Most of us who are concerned about our health and weight are familiar with the term metabolism. Learning more about this complicated process can help you understand the steps to better weight management.
Metabolism can generally be broken down into two processes: catabolism and anabolism.
- Catabolism is the process that breaks down compounds or molecules (typically from food) to release energy. This energy is used to fuel body processes such as movement.
- Anabolism is the building of complex compounds or molecules from simpler compounds. This process usually requires energy. Anabolism allows your body to maintain cells and build new ones.
What you weigh is mostly the result of your catabolism minus your anabolism — the amount of energy (food) you put into your body minus the amount of energy your body uses.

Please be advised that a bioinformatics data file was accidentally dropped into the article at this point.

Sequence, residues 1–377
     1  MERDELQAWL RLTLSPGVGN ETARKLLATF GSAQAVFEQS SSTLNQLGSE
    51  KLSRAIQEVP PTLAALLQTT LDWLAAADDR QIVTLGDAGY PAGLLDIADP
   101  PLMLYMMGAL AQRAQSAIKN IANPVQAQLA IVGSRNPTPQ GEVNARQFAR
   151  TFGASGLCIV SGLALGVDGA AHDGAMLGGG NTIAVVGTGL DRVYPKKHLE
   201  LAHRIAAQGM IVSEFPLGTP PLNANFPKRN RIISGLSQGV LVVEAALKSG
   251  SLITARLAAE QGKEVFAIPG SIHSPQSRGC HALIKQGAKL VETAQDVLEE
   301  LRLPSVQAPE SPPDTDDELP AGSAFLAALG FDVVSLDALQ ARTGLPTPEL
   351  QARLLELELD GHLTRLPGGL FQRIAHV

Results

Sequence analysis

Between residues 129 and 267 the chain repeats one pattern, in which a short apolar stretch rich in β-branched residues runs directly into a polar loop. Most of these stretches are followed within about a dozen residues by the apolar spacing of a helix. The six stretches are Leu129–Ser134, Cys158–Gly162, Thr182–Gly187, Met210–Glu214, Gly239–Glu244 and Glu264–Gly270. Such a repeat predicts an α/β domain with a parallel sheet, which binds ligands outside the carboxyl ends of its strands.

Now that we understand metabolism a bit better, let’s go through some metabolism myths.
- YOUR METABOLISM IS IN EVERY CELL IN YOUR BODY.
A lot of people talk about their metabolism like it’s a muscle or organ they can somehow control. But in reality, the term refers to a series of chemical processes in each cell that turn the calories you eat into fuel to keep you alive.
The body’s major organs—the brain, liver, kidneys and heart—account for over half of the energy burned at rest, while fat, the digestive system and especially the body’s muscles account for the remainder.
2. MOST OF THE ENERGY YOU BURN IS FROM YOUR RESTING METABOLISM.
There are three main ways you burn energy: a) the basal metabolism, which is the energy used for your body’s basic functioning while at rest; b) the energy used to break down food, also known as the thermic effect of food; and c) the energy used in physical activity.